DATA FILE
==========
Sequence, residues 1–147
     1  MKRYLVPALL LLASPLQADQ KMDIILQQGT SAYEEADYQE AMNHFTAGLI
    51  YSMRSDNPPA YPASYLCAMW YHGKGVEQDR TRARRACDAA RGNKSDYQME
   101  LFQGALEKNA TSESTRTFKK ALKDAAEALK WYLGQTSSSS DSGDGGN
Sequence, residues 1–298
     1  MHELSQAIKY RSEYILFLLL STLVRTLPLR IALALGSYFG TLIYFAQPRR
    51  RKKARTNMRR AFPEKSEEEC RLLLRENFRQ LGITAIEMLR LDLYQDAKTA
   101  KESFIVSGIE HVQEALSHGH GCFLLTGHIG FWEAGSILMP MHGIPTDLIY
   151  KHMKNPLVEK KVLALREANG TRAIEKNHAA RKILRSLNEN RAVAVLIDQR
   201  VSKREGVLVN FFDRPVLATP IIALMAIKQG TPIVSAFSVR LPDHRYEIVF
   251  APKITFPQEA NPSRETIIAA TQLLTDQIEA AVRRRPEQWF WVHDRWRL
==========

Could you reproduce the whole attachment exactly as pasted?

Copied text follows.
Sequence, residues 1–147
     1  MKRYLVPALL LLASPLQADQ KMDIILQQGT SAYEEADYQE AMNHFTAGLI
    51  YSMRSDNPPA YPASYLCAMW YHGKGVEQDR TRARRACDAA RGNKSDYQME
   101  LFQGALEKNA TSESTRTFKK ALKDAAEALK WYLGQTSSSS DSGDGGN
Sequence, residues 1–298
     1  MHELSQAIKY RSEYILFLLL STLVRTLPLR IALALGSYFG TLIYFAQPRR
    51  RKKARTNMRR AFPEKSEEEC RLLLRENFRQ LGITAIEMLR LDLYQDAKTA
   101  KESFIVSGIE HVQEALSHGH GCFLLTGHIG FWEAGSILMP MHGIPTDLIY
   151  KHMKNPLVEK KVLALREANG TRAIEKNHAA RKILRSLNEN RAVAVLIDQR
   201  VSKREGVLVN FFDRPVLATP IIALMAIKQG TPIVSAFSVR LPDHRYEIVF
   251  APKITFPQEA NPSRETIIAA TQLLTDQIEA AVRRRPEQWF WVHDRWRL